Breast cancer nurse Susan Heard has said the new daily pill which lowers the risk of breast cancer represents a "step forward" in prevention and gives women at risk another option.
Thousands of women in England and Wales could significantly reduce their chances of being diagnosed with breast cancer by taking a daily pill to prevent the disease, under new guidance being given to doctors.
However Caroline Presho, who had a mastectomy to lower her risk of cancer, said she would choose surgery again due to the "risky" side effects of the Tamoxifen.
TV presenter Sofie Allsopp, who had a double preventative mastectomy to reduce the risk of breast cancer, said the new daily pill is "fantastic" for those women who would not consider the surgery.
Sofie and her sister, Location, Location, Location presenter Kirstie Allsopp, were told they had an increased risk of developing breast cancer after their mother and grandmother had the disease.
Speaking about whether her sister would consider the pill, she said: "I can't speak for Kirsty whether this would be an option for her but I think it's brilliant for a lot of women and I think it's definitely a step forward in terms of preventative."
New guidance for doctors will mean women will have access to preventative drugs which dramatically reduce the risk of developing breast cancer.
Last month, Hollywood star Angelina Jolie announced she had a preventative double mastectomy after discovering she was a carrier of the BRCA1 gene, which increases her risk of developing cancer.
Jolie spoke at the time of her happiness that the announcement had generated more discussion about women's health.
Dr Caitlin Palframan from Breakthrough Breast Cancer says until now, there hasn't been enough evidence to recommend the new form of treatment. But successful clinical trials mean the guidelines can be changed.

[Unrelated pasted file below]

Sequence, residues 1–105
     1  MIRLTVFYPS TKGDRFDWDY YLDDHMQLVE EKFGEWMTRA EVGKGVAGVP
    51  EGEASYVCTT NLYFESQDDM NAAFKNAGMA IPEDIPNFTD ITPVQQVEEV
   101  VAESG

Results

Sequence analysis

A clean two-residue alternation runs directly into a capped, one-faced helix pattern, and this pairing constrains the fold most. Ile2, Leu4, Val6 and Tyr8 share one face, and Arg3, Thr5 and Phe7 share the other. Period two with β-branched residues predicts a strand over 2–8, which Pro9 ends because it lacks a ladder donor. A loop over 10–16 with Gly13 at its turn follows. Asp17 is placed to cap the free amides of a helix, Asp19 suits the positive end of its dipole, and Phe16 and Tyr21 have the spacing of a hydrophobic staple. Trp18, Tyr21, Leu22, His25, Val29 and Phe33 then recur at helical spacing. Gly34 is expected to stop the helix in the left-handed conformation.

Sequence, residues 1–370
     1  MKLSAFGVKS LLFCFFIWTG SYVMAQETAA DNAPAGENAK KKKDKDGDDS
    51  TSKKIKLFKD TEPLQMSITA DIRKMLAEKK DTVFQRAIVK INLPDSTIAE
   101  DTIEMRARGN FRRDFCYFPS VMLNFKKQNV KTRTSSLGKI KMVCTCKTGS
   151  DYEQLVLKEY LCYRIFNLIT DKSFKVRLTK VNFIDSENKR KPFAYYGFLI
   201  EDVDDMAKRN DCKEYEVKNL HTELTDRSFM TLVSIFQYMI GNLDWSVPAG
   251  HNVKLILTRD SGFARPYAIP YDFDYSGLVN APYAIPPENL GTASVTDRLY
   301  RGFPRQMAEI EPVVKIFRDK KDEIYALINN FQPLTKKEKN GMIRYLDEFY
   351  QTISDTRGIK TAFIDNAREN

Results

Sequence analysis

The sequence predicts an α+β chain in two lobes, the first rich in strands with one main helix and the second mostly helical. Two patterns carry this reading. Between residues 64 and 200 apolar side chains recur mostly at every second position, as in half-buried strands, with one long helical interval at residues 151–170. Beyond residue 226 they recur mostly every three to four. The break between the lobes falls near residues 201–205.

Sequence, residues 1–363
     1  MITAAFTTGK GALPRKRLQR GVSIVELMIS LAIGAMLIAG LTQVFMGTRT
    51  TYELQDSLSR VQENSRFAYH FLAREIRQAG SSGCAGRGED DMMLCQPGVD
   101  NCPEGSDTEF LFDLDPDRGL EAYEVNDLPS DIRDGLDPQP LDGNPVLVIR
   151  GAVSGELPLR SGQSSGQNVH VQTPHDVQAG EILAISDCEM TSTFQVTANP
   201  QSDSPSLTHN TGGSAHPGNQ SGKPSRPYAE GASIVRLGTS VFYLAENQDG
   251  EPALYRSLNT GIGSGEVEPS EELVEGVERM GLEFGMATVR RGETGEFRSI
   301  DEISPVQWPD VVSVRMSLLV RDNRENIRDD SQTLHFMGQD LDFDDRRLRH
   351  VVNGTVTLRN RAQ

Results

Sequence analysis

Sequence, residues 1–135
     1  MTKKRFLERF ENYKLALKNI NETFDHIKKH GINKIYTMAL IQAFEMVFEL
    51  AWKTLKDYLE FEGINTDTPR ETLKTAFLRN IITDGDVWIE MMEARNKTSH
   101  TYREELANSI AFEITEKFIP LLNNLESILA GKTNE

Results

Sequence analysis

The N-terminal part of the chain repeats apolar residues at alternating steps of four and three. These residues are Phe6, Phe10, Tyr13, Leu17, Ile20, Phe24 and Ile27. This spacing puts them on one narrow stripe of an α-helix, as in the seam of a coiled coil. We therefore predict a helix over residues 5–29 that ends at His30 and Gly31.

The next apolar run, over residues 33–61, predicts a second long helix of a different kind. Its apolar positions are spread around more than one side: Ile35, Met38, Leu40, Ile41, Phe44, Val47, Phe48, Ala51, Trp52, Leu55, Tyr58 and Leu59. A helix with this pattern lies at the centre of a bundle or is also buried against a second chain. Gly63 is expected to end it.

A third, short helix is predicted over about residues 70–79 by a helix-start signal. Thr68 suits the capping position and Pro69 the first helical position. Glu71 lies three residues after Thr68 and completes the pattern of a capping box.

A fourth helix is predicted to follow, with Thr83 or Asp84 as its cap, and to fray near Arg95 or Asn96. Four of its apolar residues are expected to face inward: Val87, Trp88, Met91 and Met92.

Professor Gareth Evans, who works as a consultant in genetics at St Mary's Hospital in Manchester, helped to develop the guidelines for the health regulator, NICE. He says it marks a major breakthrough:
"Tamoxifen is extremely cost effective, that's because it's extremely cheap... and treating someone with breast cancer costs many thousands of pounds."
Professor Evans added: "So this treatment is potentially not just cost-effective but cost saving to the NHS and more importantly for women they don't have to go through the stress and trauma of a diagnosis, radiotherapy, potentially chemotherapy.
"So it's a major breakthrough for women that they are going to be able to be offered this treatment in the future."
Frances Haworth said her "whole world fell apart" when she was diagnosed with breast cancer in 2010.
The 41-year-old discovered she had the BRCA2 gene, which meant she was prone to the disease, and decided to have a hysterectomy and a double mastectomy.
Speaking to Daybreak she said: "My whole world fell apart, I was just absolutely on the floor, absolutely devastated, I was pretty healthy and I thought it just can't happen to me.
"You hear it happen to other people but you never for one minute think it's gonna happen to you."
– Dr Caitlin Palframan, Breakthrough Breast Cancer
We believe that this guideline is a game changer for people with a family history of breast cancer.
In fact for breast cancer overall it's a historic step for prevention.
We think more women will have more options to reduce their risk, which ultimately means we will prevent more breast cancer cases.
- The five-year pill-a-day course costs £120 and preventing people getting cancer will also save the NHS huge amounts of money
- A previous clinical trial found tamoxifen, taken for five years, reduced the risk of developing invasive breast cancer by about 50% in post-menopausal women who were at increased risk of getting the disease
- Another trial found that five years of raloxifene reduces breast cancer risk in such women by about 38%. This drug is more expensive than tamoxifen but the health regulator, NICE, said it would still be a cost-effective option for the NHS